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whohlme Page Icon Posted 2007-10-11 11:22 AM
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Hello everyone,

Perhaps this is place I should have posted this thread, but I started it on the JLime forums in a post entitled "JLime vs. NetBSD", which could've been seen as a challenge. I've also posted on the BSD Forums about this, but no one has answered yet.
My main question is what kind of functionality would one gain by using NetBSD? I know it's very portable and seems elegant, clean, fast and cool, but I heard from the JLime guys that it was slow in a GUI environment. One advantage for the Jornada 7xx is that NetBSD works with sound, so that would be a reason, but I guess I'm asking the bigger question of "why"? I've heard that the BSDs' primary use is on the server, so what good would it do an HPC user? I've seen some benefits with Linux (JLime), and was wondering if anyone whose used NetBSD could give me some info. Also, It's been really hard to try and get NetBSD installed as compared to Linux since I think you have to have the OS installed on another computer. Perhaps I'll try to find a workaround...Anyways, is it really that slow, and how useful is it as compared to Windows CE or Linux?
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mr-mac Page Icon Posted 2007-10-11 12:26 PM
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whohlme - 2007-10-11 4:22 PM

Hello everyone,

Perhaps this is place I should have posted this thread, but I started it on the JLime forums in a post entitled "JLime vs. NetBSD", which could've been seen as a challenge. I've also posted on the BSD Forums about this, but no one has answered yet.
My main question is what kind of functionality would one gain by using NetBSD? I know it's very portable and seems elegant, clean, fast and cool, but I heard from the JLime guys that it was slow in a GUI environment. One advantage for the Jornada 7xx is that NetBSD works with sound, so that would be a reason, but I guess I'm asking the bigger question of "why"? I've heard that the BSDs' primary use is on the server, so what good would it do an HPC user? I've seen some benefits with Linux (JLime), and was wondering if anyone whose used NetBSD could give me some info. Also, It's been really hard to try and get NetBSD installed as compared to Linux since I think you have to have the OS installed on another computer. Perhaps I'll try to find a workaround...Anyways, is it really that slow, and how useful is it as compared to Windows CE or Linux?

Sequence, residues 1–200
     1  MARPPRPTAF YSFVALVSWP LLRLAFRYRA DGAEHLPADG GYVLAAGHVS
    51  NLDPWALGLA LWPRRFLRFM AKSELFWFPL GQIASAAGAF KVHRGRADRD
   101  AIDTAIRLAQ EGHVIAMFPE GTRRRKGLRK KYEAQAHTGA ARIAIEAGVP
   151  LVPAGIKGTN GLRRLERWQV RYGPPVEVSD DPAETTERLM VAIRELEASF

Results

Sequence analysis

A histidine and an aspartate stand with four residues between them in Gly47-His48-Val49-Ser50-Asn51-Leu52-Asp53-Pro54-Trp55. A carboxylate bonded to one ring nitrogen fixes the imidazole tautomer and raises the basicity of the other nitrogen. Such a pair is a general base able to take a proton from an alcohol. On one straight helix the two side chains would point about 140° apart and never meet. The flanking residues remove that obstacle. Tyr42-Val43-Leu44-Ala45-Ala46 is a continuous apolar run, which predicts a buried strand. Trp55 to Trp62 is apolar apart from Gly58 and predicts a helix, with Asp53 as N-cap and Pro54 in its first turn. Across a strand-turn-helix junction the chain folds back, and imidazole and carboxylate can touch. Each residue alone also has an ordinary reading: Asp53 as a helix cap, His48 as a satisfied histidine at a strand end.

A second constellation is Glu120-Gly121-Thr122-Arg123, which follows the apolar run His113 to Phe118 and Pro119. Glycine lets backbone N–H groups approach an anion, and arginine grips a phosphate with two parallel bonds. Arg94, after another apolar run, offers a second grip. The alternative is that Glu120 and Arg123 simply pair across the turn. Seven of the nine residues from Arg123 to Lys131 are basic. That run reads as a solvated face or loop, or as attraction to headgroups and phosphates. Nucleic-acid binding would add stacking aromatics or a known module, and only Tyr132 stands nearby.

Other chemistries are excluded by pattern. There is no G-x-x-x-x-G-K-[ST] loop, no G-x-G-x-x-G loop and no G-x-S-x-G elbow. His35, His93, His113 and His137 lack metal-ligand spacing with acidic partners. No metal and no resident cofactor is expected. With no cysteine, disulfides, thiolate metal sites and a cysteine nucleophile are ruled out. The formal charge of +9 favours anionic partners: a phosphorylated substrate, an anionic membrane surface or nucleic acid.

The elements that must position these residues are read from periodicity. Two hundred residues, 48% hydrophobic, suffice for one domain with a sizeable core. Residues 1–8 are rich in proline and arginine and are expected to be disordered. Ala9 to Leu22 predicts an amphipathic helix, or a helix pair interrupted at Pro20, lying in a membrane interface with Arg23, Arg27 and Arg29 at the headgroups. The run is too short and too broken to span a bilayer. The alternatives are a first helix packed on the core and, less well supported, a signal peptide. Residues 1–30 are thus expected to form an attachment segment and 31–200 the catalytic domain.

I used NetBSD on an X86 Laptop with Wi-fi and tried both KDE and ROX filer with OROBOROX desktp...

Really enjoyed it (though a steep learning curve) but at the end of the day although 100's of applications there was not a flash plugin for any of the browsers (well I think there was one for opera but it wasn't pre-built and compiling was just a step too far for me at that time).

I seriously looked at it for the Jornada 720 (to run somthing very light in the way of WM like OROBOROX or IceWM but there were hardly any pre-built packages and I wasn't prepared to set up a box to do all the crosscompiling required when I just wanted to give it a little go.

As you say NetBSD is actually quite complete on the Jornada with better suspend and sound support. I think if someone was to put to gesther some pre-built system (along the lines of Jlime) it would be imediatly popular.

Not sure if it translates to NetBSD on the ARM but on X86 it could also emulate linux and run linux programs (Opera on NetBSD was the linux version).

I always thought NetBSD tended to be quite fast and the fact it is slow in a WM may be just down to a full rather than optimised fast X-windows.

If someone has or did make a prebuilt package I would be giving it a go in a second...

John

Edited by mr-mac 2007-10-11 12:29 PM
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whohlme Page Icon Posted 2007-10-11 2:11 PM
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Sorry for the redundancy of my post, I don't know why that happened.

Is there any reason why I can't search the forums? Am I missing something?

You know, I emailed some guy and he set me up with pre-built images or packages or whatever so I think I may post links to them here in a reply later. I got all the way through the install up to the place where it prompts for the "core" files which are .tgz files like the base and userland and xserver and all that. I've heard that NetBSD is very fast other places, maybe it just needs some optimization for the Jornada. It was suggested on the Jlime forums that the kdrive or framebuffer xserver would be much faster. I think they use one of the two.